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People's Daily Online>>Life & Culture

University libraries will open to public (2)

By Luo Wangshu (China Daily)

09:47, April 18, 2012

"I wish all university libraries were open," said Beijing resident Zhang Ting.

She added that more public libraries should also be built to fulfill ordinary residents' reading needs because the books in university libraries might not cater to residents' tastes.

Zhang also mentioned that some books in university libraries were rare, and if lost or damaged, "it would be an irretrievable loss".

As for the cost, she said it was too expensive. "I can buy books online, which may cost less than 300 yuan," she said.

Gao Ning, a faculty member of Beihang University, also welcomed the policy. "One of the key social responsibilities of universities is to serve the community," he said.

Gao also mentioned that it was necessary to knock down university fences and share resources with the public.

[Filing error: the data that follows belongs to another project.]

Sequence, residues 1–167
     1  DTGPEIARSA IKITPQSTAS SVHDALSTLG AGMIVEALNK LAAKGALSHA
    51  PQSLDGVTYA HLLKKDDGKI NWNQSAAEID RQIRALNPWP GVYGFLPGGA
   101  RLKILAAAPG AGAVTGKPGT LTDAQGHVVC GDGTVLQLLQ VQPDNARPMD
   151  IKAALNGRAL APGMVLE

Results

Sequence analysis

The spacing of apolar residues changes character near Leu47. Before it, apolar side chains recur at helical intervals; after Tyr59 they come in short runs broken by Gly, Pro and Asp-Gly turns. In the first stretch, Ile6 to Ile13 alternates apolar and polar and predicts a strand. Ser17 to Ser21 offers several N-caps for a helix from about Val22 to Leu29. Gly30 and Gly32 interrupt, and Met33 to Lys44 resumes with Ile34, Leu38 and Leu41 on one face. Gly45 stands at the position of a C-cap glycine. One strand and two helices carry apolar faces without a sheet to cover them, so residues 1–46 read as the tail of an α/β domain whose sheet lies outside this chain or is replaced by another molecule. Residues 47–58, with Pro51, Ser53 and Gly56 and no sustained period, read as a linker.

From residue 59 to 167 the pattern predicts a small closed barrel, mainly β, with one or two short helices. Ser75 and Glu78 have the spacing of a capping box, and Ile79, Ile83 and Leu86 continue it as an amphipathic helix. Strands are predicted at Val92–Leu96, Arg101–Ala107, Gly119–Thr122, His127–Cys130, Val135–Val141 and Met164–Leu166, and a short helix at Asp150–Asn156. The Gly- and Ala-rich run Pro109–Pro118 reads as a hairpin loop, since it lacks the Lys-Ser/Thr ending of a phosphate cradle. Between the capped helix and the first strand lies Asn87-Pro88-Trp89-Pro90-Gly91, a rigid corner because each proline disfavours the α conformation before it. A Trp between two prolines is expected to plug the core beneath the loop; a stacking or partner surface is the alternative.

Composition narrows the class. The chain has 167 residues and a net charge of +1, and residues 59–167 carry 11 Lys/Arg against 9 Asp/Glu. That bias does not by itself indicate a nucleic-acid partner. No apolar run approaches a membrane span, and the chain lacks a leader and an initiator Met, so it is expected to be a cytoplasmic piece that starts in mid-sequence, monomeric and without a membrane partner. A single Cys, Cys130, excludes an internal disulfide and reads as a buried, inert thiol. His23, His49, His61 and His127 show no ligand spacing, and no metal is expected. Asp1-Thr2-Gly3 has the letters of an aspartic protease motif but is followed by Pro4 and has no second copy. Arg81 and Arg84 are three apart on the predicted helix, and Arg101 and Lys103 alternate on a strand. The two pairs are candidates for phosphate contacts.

"In Beijing, it is the National Library of China that mainly takes the responsibility for residents to read and borrow books, but it has been under construction since May 2011, and the borrowing service was suspended," Gao said. "Therefore, university libraries should take the opportunity to serve the public."

A staff member from the National Library of China told China Daily that the construction will not be done until the end of 2013, and during the period readers cannot borrow books.

However, Ge Jianxiong, president of Fudan University library in Shanghai, said on his micro blog that university libraries could only open some areas to visitors. "I have to first guarantee the use of the school library to our students and faculty, and then it can be opened gradually when conditions are OK."

Wang Le, a graduate student from Beijing Normal University, said she approves of the idea to share library resources with visitors. "It is a waste of resources to restrict library books to people in the school," Wang said.

However, Wang also raised concern about limited library space at her school. "To get a seat, we have to line up in front of the library before it opens," Wang said, adding that it would be better for visitors to borrow books instead of reading in the library.

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